Dr. Franz-Josef HAMBSCH

Prompt Fission Neutrons and Gamma Rays (Experiments)

Measuring prompt neutron and gamma-ray emission is a challenge in nuclear fission research. Concerning prompt neutrons not much progress has been made in terms of detector developments. Still nowadays, neutron detectors are mainly based on NE213 equivalent liquid scintillator material in combination with photomultipliers. Recent progress in neutron measurements has to be attributed to the implementation of digital data acquisition techniques and respective digital signal processing algorithms. In addition to measure correlations with fission fragments novel position sensitive charged-particle detectors were developed and applied in array-type detector systems like SCINTIA. Concerning prompt gamma-ray detection a lot of progress has been made in recent years in detector development. The availability of gamma-ray detectors based on cerium-doped lanthanide-halide crystals has given a boost to new investigations. Those detectors have much better timing properties, a better energy resolution and higher efficiency as compared to previously used NaI:Tl based detectors. Also here, the additional use of digital signal acquisition and processing techniques led to substantially improved results. During the lecture the fundamentals on how to measure prompt fission neutron and gamma ray spectra (PFNS, PFGS) will be highlighted, the difficulties mentioned and the progress demonstrated.

Dr. Jean-Christophe SUBLET

Application of Fission: Reactor Physics

The importance of fission cross-sections; energy dependence; prompt, delayed neutron multiplicities and spectra; fission products yields for typical reactor applications will be subject to scrutiny with emphasis on power reactor needs. Thermal, fast; pile or large power reactor core physics simulations based on nuclear fission, requirements in terms of neutron balances (production, disappearance and leakage) are rather specifics but also bounding. They have tremendous impacts on the power plants design, operability and safety aspects during their entire lifetime. Fissions processes, their significances, interpretation through simulations viewed from a reactor physics perspectives will be presented.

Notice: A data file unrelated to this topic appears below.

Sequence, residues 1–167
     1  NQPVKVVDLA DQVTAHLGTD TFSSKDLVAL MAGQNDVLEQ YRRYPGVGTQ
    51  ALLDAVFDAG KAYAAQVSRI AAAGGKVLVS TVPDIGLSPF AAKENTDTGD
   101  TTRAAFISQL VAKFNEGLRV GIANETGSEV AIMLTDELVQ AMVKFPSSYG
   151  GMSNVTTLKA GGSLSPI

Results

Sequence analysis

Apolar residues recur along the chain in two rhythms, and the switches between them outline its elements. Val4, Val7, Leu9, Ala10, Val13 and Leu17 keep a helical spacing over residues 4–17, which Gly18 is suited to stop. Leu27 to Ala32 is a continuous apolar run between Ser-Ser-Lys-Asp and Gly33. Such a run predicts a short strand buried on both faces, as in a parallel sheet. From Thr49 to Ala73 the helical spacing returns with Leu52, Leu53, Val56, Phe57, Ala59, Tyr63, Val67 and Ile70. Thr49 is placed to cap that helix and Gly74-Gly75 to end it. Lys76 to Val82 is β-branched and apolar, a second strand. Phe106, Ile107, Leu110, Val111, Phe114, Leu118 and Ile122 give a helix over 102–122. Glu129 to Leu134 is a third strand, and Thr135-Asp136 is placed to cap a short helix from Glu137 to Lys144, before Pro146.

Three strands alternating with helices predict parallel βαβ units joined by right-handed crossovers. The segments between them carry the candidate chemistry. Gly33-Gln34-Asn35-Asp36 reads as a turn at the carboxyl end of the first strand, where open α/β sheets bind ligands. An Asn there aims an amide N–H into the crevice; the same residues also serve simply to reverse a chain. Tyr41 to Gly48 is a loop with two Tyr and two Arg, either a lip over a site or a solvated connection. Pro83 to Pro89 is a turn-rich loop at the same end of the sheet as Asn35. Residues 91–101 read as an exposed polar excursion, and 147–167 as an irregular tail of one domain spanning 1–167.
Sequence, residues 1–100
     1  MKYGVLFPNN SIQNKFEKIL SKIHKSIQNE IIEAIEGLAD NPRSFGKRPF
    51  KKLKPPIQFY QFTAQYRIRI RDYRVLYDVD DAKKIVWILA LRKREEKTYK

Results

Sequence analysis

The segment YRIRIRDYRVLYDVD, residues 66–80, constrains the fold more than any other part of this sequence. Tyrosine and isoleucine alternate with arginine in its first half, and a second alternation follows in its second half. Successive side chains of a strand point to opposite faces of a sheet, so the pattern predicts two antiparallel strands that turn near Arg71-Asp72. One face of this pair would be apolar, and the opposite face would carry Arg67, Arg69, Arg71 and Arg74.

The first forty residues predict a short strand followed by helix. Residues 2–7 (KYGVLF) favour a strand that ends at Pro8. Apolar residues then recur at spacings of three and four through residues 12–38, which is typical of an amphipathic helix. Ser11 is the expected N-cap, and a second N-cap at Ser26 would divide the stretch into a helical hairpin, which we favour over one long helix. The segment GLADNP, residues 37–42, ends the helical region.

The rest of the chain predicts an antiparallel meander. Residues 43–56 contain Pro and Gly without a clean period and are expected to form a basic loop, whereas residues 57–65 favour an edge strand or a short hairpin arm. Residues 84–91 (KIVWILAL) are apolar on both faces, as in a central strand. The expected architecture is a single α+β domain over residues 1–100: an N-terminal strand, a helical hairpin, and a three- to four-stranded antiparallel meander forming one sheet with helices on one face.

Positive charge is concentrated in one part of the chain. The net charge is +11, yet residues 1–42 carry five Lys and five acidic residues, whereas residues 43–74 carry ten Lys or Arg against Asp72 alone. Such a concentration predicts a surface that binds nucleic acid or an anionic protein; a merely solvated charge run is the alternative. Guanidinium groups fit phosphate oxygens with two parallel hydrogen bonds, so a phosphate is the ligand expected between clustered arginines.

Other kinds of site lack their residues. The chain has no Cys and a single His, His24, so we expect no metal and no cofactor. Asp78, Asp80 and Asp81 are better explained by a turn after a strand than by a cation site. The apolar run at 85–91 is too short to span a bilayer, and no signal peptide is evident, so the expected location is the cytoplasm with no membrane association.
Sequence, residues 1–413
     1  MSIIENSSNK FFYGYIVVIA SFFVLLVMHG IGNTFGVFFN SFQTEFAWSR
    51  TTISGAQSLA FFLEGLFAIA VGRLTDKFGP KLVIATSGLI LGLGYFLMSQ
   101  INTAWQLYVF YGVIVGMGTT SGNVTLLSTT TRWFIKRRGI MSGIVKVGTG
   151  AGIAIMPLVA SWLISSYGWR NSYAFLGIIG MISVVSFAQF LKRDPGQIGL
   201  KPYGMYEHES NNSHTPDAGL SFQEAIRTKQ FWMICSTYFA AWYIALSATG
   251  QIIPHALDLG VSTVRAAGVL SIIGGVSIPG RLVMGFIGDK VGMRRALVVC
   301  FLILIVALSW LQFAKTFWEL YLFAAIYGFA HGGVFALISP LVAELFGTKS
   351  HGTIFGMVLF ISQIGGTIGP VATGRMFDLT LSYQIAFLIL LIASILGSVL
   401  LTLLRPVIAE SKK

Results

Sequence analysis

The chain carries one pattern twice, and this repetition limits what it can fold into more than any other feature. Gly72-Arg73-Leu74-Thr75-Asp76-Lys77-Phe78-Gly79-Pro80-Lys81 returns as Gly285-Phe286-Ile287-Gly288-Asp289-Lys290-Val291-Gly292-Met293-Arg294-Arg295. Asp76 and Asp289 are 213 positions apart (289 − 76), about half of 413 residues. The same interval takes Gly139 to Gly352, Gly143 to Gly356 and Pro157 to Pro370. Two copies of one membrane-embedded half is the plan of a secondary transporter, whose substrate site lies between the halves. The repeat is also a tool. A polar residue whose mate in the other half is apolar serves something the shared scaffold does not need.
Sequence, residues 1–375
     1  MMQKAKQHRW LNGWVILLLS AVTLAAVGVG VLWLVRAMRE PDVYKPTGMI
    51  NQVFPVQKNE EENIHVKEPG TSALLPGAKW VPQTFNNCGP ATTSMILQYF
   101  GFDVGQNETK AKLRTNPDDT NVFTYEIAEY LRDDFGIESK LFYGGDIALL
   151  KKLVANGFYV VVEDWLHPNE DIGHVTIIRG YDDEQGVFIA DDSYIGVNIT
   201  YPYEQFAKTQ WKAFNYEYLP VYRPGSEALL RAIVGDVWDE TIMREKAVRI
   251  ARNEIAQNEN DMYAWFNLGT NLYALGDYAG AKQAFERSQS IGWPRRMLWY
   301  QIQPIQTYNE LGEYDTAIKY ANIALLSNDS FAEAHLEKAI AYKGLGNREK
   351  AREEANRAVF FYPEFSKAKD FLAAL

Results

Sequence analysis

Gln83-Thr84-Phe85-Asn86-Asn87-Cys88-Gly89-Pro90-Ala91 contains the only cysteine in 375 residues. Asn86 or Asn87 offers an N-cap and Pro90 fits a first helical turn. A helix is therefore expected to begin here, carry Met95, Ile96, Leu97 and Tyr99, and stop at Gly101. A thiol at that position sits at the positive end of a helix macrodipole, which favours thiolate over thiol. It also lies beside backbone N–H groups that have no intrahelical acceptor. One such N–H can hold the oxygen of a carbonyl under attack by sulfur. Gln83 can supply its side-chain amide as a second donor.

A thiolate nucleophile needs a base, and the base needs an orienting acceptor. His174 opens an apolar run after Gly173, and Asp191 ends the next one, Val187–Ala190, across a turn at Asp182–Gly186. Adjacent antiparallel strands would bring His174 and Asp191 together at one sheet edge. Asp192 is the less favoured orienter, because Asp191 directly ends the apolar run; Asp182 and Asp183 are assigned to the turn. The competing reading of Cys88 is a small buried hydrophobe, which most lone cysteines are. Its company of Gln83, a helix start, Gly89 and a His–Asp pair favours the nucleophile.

Dr. Avneet SOOD

MCNP -- a Review of our 40-Year History, Current Status and Upcoming Future

The Monte Carlo method for radiation particle transport has its origins at LANL dating back to the 1940’s. The creators of these methods were Drs. Stanislaw Ulam, John von Neumann, Robert Richtmyer, and Nicholas Metropolis. Monte Carlo methods for particle transport have been driving computational developments since the beginning of modern computers; this continues today. In the 1950’s and 1960’s, these new methods were organized into a series of special-purpose Monte Carlo codes, including MCS, MCN, MCP, and MCG. These codes were able to transport neutrons and photons for specialized LANL applications. In 1977, these separate codes were combined to create the first generalized Monte Carlo radiation particle transport code, MCNP. In 1983, MCNP3 was released for public distribution to the Radiation Safety Information Computational Center (RSICC). The upcoming release of MCNP (version 6.2) is expected in June 2017. Approximately 20,000 copies of MCNP have been distributed to users in government institutions, academia, and private industries worldwide. This talk will review our history, current status, and future directions.